In Service

As the autumn breeze cooled the air, my heart filled with warmth when John uttered those three words he had said to me months earlier. Not only had he said, “I love you,” but I also knew he meant it. Perhaps it was the fear of his uncertain future, but in that moment I didn’t care.

A month later we were sitting together on a bench outside Courtroom A waiting for John’s trial to begin, neither of us wanting to show the anxiety we both felt. I could sense John’s fidgeting before he stood up and announced he needed to use the bathroom.

I watched him walk away and noticed his usual swagger was absent. From the moment I met John, he had an air of confidence that I knew didn’t always match what he was feeling inside. That day he couldn’t mask the anxiety he was feeling, and I noticed his shoulders weren’t as square as usual.

I sat there wondering what would happen when we walked through those double doors into a courtroom filled with lawyers and police officers and people anxiously waiting a fate that a judge would decide.

This last month we talked over every possible outcome and what would happen if John had to serve time in jail. If our calculations were right, he would be incarcerated over the holiday season. We had no idea how we would explain John’s absence to his mother.

But I couldn’t think about that right then.

I had to stay focused on the day before me. If I just keep my eyes on those tall wooden doors in front of me, I’d be able to get through whatever came next.

I turned when I noticed John walking back from the restrooms and was surprised to see he was standing a little taller. He even had the slightest hint of a grin on his face. When he sat down he said, “I’m pretty sure I was just peeing next to the District Attorney for my case.”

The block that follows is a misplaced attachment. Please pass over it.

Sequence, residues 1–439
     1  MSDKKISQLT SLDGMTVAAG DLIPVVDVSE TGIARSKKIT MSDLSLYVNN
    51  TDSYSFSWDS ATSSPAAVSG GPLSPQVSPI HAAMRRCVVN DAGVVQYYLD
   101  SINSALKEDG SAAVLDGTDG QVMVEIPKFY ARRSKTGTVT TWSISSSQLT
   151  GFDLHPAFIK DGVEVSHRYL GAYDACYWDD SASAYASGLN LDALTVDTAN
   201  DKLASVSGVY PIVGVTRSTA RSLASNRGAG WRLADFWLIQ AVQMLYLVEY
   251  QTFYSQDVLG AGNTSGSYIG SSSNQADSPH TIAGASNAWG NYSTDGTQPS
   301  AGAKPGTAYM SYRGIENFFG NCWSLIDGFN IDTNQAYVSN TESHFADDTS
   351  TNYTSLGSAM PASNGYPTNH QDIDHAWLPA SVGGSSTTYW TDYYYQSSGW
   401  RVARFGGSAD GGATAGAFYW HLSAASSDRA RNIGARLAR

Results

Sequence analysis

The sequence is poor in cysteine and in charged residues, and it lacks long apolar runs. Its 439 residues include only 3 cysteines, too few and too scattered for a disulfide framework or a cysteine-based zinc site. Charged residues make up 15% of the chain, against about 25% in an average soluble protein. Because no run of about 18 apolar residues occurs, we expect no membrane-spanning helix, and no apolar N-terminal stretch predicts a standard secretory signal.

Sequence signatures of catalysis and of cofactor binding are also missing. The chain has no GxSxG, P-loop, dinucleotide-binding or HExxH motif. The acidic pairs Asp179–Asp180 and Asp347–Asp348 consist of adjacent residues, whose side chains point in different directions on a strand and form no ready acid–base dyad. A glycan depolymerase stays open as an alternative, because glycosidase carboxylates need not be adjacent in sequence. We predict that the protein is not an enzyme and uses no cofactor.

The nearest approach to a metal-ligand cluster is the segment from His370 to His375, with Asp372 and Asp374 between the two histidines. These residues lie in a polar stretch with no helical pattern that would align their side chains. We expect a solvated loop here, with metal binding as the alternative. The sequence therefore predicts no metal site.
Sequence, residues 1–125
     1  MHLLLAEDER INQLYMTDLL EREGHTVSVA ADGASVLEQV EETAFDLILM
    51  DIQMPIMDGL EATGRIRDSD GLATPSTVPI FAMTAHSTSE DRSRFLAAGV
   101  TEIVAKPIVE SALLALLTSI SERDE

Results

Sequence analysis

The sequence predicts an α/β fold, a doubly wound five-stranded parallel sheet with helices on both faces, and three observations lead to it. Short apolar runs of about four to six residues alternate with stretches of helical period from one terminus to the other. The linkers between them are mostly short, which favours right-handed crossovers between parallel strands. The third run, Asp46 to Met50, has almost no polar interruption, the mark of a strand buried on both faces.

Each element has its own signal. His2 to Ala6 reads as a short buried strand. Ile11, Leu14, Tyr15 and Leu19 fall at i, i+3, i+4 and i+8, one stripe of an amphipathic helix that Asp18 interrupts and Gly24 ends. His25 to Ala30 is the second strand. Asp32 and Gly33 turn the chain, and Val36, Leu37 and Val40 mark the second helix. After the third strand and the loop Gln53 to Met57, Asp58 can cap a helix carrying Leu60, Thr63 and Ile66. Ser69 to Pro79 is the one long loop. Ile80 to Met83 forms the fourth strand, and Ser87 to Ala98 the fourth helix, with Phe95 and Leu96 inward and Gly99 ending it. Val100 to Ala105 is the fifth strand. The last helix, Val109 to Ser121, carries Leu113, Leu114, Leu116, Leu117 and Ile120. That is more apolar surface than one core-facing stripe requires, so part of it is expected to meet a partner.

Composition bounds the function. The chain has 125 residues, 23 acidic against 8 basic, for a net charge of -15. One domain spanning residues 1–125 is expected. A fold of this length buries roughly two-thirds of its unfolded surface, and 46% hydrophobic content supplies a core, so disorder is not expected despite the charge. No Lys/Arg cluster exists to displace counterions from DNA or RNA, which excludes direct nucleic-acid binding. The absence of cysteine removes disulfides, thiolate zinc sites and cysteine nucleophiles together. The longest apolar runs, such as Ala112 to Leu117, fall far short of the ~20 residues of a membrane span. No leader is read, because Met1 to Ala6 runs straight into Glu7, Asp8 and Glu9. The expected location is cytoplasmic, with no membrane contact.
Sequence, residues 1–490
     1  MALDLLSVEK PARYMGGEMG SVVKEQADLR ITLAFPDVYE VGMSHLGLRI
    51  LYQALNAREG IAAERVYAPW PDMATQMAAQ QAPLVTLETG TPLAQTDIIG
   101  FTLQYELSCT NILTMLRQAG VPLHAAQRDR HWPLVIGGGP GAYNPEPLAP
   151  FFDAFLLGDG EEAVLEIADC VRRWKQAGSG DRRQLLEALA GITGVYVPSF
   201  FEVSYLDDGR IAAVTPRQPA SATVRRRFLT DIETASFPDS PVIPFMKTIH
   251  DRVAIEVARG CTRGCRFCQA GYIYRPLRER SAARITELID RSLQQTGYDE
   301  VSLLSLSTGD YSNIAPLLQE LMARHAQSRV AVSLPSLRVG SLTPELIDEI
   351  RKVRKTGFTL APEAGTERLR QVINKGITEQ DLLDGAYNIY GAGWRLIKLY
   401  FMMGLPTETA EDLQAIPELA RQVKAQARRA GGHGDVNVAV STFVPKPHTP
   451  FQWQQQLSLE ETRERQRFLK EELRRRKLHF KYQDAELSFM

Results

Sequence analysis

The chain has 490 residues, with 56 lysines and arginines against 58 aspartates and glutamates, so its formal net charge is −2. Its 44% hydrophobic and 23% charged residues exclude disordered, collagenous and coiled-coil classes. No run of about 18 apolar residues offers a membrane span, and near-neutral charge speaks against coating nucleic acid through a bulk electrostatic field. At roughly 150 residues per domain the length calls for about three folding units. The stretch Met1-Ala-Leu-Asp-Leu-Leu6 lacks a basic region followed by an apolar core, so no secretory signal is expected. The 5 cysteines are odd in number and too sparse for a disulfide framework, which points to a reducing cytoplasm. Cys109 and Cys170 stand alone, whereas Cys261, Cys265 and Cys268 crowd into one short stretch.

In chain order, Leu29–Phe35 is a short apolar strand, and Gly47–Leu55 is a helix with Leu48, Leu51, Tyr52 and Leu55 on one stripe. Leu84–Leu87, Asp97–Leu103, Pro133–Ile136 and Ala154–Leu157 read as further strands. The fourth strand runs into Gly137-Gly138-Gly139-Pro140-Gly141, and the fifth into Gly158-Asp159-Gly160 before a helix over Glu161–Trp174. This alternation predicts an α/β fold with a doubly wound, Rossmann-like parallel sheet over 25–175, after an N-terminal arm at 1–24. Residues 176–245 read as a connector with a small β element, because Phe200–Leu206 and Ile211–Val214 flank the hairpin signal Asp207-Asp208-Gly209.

And then he turned and looked at me with a flicker in his eyes and said, “He thanked me for my service.”

I stared at him for a moment; and just before I opened my mouth to ask more questions, the doors swung open and we were summoned inside. I took a seat on the right side behind the defense’s table and watched John walk through the little swinging gate and stand next to his attorney.

I saw her whispering something to John as we were instructed to rise for the Honorable Mr. Judge Somebody. Once he took his seat, the next few minutes flew by with little understanding by me of the legalese spoken between the DA and John’s attorney.

Was I hearing this right?

Trying to focus on what was being said, I was certain I’d heard things like, “Drop the felony charge” and “Community service.” A few “Yes, Your Honor” and “No, Your Honors” later, John and I were ushered out into a side room to have a consultation with his attorney.

She told us the DA was impressed by John’s record of service and was willing to drop the charge down to a misdemeanor with no jail time. In exchange, John would need to provide 300 hours of community service.

John’s attorney asked, “Are you fine with this”?

We were both stunned; but John quickly recovered and said, “Yes, I am.”

Community Service
The first thing he did after leaving the courtroom was to put a flag up at the Little League field

Reader Comments

  1. Christine

    This is where I started reading your story. I just now finished the beginning of it. I’m sitting here at work, and every time the phone rings to take me away from reading your story I’m a little peeved! LOL! It’s gripping and in a way I am so glad to know how it “ends” before I got in deep with it. I’d have been too upset to read further after any of the break up posts had I not known what was eventually to come!

    • Loretta Sayers
      Loretta Sayers

      You are awesome…thank you! I had people messaging me several times needing to know “the rest of the story”! I’m so honored that anyone is interested enough to read and enjoys my writing. Thank you again.

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